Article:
said, that he also hoped that the difficulty in the way of this important measure would be overcome by his noble and learned Friend on the Woolsack; but at first sight a difficulty started 444 up, that his noble and learned Friend proposed to establish a new court under an equity judge to exercise a common-law jurisdiction. At least, if he understood the plan aright, the new court was in its procedure to follow the course of the common law. This being the proposition, and the Vice Chancellor being to sit as the judge in the new court, he was at a loss to know what occasion there was for taking the jurisdiction out of the hands of Doctors' Commons. If the jurisdiction was to be taken from the Ecclesiastical Courts, and placed in the new Court of Probate—that Court of Probate being as little a court of common law as the Ecclesiastical Courts were common law courts, and the Vice Chancellor being as little a common law judge as his right hon. and learned Friend Sir John Dodson, the head of the Prerogative Court—then he wanted to know why his right hon. and learned Friend might not discharge the same functions as well as a Vice Chancellor? As to the "common form" business, there could be no doubt that it would be quite as well—if not better—disposed of by the present eccclesiastical judges as by the Vice Chancellor; and as to the contentious causes, as far as he could see, they could be quite as well disposed of by the Ecclesiastical Courts, which at present had the disposal of them, as by the new Court. Here, then, was his difficulty. He wanted to see the necessity which existed for abolishing the Prerogative Court for the purpose of creating another Court of Probate under a Vice Chancellor; for it appeared to him that such a judge was as little likely to expedite the business—seeing that he was not a common-law judge—as the Prerogative Court itself. Then the Vice Chancellor was to direct an issue; well, could not the Prerogative Judge direct it in the same way? It must not be supposed that he was arguing against the abolition of the Ecclesiastical Court; on the contrary, he quite agreed that the Ecclesiastical Court ought to be abolished. To that he had no objection, as at present advised; but he should let a Court of Probate be constituted, not of Equity Judges, administering business after the rules of the Court of Chancery, or the rules of common law, but of common law, proved by the common-law Judges. With respect to another measure of his noble and learned Friend—the Clergy Discipline Bill—he could not help agreeing with the right rev. Prelate (the Bishop of Exeter) who had just now spoken, that it would be better to repeal 445 the 13th Elizabeth by a separate Act, and to treat the whole question as entire and separate. There was a case now before the Privy Council, with which they were all familiar, and which afforded just ground for complaint, inasmuch as he was sorry to say it had sequestrated, so to speak, his noble and learned Friend (the Lord Chancellor's) services in his judicial capacity in that House. And he believed that much time would not elapse before another case would come before the Judicial Committee—he alluded to a case that was much to be lamented by all friends of the Established Church—much to be lamented by all friends to the peace and harmony of the community, which he feared would ultimately find its way, and, probably, after no great lapse of time, to the same tribunal. Some check ought really to be imposed upon these Church cases, so that it should not be left at the option of any one individual, however well-intentioned he might be, but, unfortunately, not very wisely advised, to go before the Ecclesiastical Court, in the expectation that it would decide upon doctrinal questions, and so threaten, he would not say the disruption—Heaven forbid that should be the result!—but at least to disturb the peace of the Church and of the community. He thought that some check should be provided, so as to control individual caprice in promoting such suits; and he also thought that some such arrangement was advisable as the creation of a spiritual body to whom such questions might be referred for the purpose simply of ascertaining what was the doctrine or discipline of the Church, but leaving the ultimate decision of the question in the hands of the lay tribunal—the Judicial Committee. This would prevent—not disruption, for he apprehended no danger of that sort—but a continuance of that which at present existed in the nature of a disturbance or want of unity in that most venerable body, and tend to satisfy all parties in matters referring to the doctrine of the Church. Another matter relating to Churchmen and Dissenters required to be considered, and he trusted that he might receive sufficient encouragement to reintroduce a proposition contained in a Bill which he brought in two years ago for the removal of a serious grievance under which clergymen of the Church of England now laboured. Under the present system, if a clergyman, from conscientious motives, separated himself from the Church—if from conscientious scruples or conscientious differences of opinion he 446 had become a Dissenter, as he knew several had done to the great loss of the Church, and without any want of charity, he might add, to the great loss of the parties themselves, the seceders from the Church—if a clergyman thus entered into communion with a Dissenting body, and performed divine service as a Dissenting minister, he was, by the law as it now stood, liable at any moment to be brought before the Bishop, within whose diocese he was executing his functions, as a Dissenting parson, to be dealt with by him in the same manner as if he still belonged to the Church. Holy orders were on all hands regarded as indelible, and if, without in the slightest degree infringing that sacred principle, it could be enacted as part of the plan proposed to be brought before their Lordships that Church censure and all other Church discipline should cease to apply to parties who had separated from the Church, and that all civil disabilities and all the privileges of clergymen should cease likewise, he considered that it would be a wise and certainly a most tolerant addition to his noble and learned Friend's Bill. With respect, also, to Church discipline, he did hope that some measure would be passed for relieving the right rev. Prelates from the position in which they at present stood, of being compelled to enforce discipline by the prosecution of charges against clerks. They had no choice, but were almost compelled by law to prosecute; and yet what was the consequence? A right rev. Friend of his who was not then in the House—he alluded to the Bishop of Winchester—had, to his certain knowledge—for he (Lord Brougham) sat upon the Judicial Committee on the trial of the appeal—incurred expenses amounting certainly to upwards of £4,000, and he believed to above £5,000, in the prosecution of one such proceeding, not one farthing of which could he by possibility ever recover. He thought that common justice and expediency also required that provision should be made to meet such expenses out of the common fund, for it was the inevitable result of such a state of things that the right rev. Prelates could not have much encouragement to perform their duty. With regard to the question of marriage, although he entertained some doubt relative to the giving a power uncontrolled of separation, he generally approved of his noble and learned Friend's scheme. He was sorry that the Bill did not go further in granting divorces a vinculo at the suit 447 of the wife. As far as it did go it was in the right direction; but it did not provide the complete remedy that was required. He quite agreed with his noble and learned Friends as to the cruelty inflicted on the wife in cases of adultery on the part of the husband, and he concurred also in their remarks upon the suit of crim. con. which he thought ought, at any rate, to be put an end to. He quite concurred also in his noble and learned Friend's remarks as to the cruel injustice in these actions inflicted on the woman, whose character was at stake, and yet she was not permitted to be a party to the suit, when indeed she might be the victim of a conspiracy between the husband and the alleged adulterer. Possibly some remedy for this evil might be provided, should the action be still allowed, by requiring the plaintiff to give the wife notice, so that she might intervene for the protection of her character. But the action should be altogether abolished. On the other hand, he thought that seduction should be dealt with by criminal procedure as a public offence, and not by a civil action, as merely a private wrong. This was the opinion of those who had gone before us, men of the greatest name and highest authority; not only of Lord Erskine, but of Mr. Pitt and Lord Grenville. Some persons felt great difficulty in this, but, at all events, actions for criminal conversation ought to be got rid of as speedily as possible. He would not now speak of the state of the law, as it affected the property of married women, because he intended to introduce a Bill on that subject himself.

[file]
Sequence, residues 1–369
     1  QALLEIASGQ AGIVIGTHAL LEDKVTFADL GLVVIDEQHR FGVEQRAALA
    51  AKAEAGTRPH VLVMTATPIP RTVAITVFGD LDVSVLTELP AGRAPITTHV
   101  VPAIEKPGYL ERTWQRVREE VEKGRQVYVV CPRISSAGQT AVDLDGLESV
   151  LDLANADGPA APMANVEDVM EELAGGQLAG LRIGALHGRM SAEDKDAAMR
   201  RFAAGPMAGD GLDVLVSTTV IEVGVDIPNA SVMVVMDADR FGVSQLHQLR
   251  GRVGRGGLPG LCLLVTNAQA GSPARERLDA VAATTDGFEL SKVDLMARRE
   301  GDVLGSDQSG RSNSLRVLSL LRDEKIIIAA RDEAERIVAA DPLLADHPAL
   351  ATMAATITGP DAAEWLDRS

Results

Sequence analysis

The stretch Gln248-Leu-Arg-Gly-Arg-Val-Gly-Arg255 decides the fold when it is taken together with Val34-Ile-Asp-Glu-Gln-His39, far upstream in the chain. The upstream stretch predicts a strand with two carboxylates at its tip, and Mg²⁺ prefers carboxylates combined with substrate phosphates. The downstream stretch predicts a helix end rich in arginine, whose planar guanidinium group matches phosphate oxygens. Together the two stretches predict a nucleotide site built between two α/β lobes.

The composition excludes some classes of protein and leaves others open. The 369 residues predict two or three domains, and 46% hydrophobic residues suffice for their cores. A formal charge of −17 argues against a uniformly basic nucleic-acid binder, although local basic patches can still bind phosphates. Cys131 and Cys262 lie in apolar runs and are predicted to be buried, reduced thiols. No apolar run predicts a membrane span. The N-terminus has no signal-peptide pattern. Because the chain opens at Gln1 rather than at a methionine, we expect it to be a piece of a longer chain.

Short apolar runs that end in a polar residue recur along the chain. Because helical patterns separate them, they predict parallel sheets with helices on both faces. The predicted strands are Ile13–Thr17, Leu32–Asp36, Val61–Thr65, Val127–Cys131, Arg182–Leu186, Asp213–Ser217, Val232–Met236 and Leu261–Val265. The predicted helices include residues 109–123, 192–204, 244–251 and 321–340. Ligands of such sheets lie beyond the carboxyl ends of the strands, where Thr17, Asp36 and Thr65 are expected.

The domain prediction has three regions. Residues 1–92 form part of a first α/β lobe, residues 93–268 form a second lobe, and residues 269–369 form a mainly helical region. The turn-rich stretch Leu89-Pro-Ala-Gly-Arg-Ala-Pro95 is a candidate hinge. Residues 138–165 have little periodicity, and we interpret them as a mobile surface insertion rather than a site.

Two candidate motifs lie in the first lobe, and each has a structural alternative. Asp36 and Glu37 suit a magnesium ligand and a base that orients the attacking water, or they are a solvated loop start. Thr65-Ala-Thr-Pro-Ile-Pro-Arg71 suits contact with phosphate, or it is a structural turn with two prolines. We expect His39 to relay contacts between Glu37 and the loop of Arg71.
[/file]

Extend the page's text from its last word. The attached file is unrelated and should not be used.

§ LORD WENSLEYDALE